Smyth scandal returns to haunt the Hierarchy
Cardinal Brady's job was to stand above the crises engulfing the Church, but he is unable to do that now, argues Malachi O'Doherty. He should resign
We now understand what the highest Catholic authority in the land regards as an adequate moral defence against the charge of colluding with a paedophile priest against the state.
For what absolves Cardinal Brady, in his own mind, is what he must concede absolves all below him who behaved as he did.
When deployed by his bishop to witness a pledge of silence from the victims of the odious Brendan Smyth - the most notorious of all the paedophile priests because his outing was the first major one in a long series since - Fr Brady, as he then was, did what most other priests would have done at the time.
He was just obeying orders.
A priest makes a pledge of full obedience to his bishop at ordination. There are now serious grounds for considering whether that pledge should be allowed in law.
Cardinal Brady explains that there were people in authority over him who were properly appointed to make the kind of decision that he, as a bishop's flunky, could not make.
There were no procedures in place by which a mere priest could act against the wishes of a bishop to report the rape of children to the police and to report his own seniors for exacting secrecy from the victims.
Well, no doubt there weren't.
A priest was not an independent citizen with a responsibility to deal directly with the institutions of the state.
And the church of that time lived in the smug confidence that its authority was higher than that of the law of the land.
So, what Cardinal Brady says in his defence merely confirms the most negative perception of the church he now heads; that it was a law onto itself and that those who lived by that understanding are even yet immune to criticism for having surrendered their civic duty and their moral consciences.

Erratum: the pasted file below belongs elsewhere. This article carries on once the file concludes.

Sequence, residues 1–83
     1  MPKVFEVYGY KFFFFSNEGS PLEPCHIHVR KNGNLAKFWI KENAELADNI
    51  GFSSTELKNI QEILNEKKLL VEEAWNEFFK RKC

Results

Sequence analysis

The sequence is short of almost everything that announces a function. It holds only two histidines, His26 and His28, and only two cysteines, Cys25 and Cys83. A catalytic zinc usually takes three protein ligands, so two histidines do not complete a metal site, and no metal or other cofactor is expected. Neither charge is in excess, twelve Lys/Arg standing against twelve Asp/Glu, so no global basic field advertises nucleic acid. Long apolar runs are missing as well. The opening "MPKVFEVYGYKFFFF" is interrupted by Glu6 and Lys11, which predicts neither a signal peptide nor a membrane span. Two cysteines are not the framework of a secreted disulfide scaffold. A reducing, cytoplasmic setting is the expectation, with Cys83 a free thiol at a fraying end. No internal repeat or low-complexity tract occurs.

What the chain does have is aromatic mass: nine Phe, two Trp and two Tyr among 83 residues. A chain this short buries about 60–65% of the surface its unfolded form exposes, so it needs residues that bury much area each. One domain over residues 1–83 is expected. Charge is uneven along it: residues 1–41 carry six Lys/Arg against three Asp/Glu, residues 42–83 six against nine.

If the Cardinal does not withdraw this defence, then he allows it to countless other priests and bishops who, in the past, lived by the precept that they were above the law and that they had a right to conceal paedophilia from the police.
And he misses the significance of the disclosures of the past year.
The Murphy and Ryan reports into abuse by clergy and members of religious orders, and their cover-ups, didn't go in much for retrospective justification.
And heads rolled in some dioceses at least, as bishops recognised that their moral authority was tainted by their participation in cover-up.
If Cardinal Brady does not step down then he is saying, in effect, that these others need not have stepped down either.
And even if there is a legal clause that allows that he did not break the law when he witnessed cover-up and did not speak out, their is no moral defence.
And Cardinal Brady's misfortune is that he must be a moral exemplar - and he is not.
He has known, throughout the agonising in this country after the Murphy report, that he was as vulnerable as any other priest to the charge of collusion.
And if he was really leading the new open church he promised, then he should have stated frankly at that time that he had himself worked on cover-up procedures and asked the forgiveness and indulgence of his flock.
It is an extraordinary reflection on his church that it elevated him to the post of Cardinal without checking - or perhaps without caring - that past scandal might rise up to undermine him.
Certainly, he could not run for public office in any other organsation if his colleagues knew that he had once taken statements from abused children in which they pledged themselves to secrecy.
What did his fellow bishops know? This case has been brewing for years. What did the Pope know?
Did the Pope, when he summoned bishops to Rome last month, know that the Irish Primate himself, a cardinal, was vulnerable to being outed in this way?
What is needed of Cardinal Brady is that he can stand above any scandal that arises and that he can make clear the church's total rejection of paedophilia and cover-up. He can not now do that.
He must never be vulnerable to having any other colluder point him out as a reason to evade resignation.
Yet, if he does not go, then many of the others who will be exposed in future will be able to refuse also to go.
And if his defence remains that he was only doing what any other priest in his position would have done at that time, then every priest in the country must come under suspicion of having done the same.
There were some in the church who believed that the worst of the scandals was over, with the sample cases examined and exposed by the Murphy and Ryan reports.
But Cardinal Brady's defence of his action carries the implication that the whole church was primed to collude against victims and against the law.
If that is the case, then the whole church should be investigated; every diocese. Flush them all out.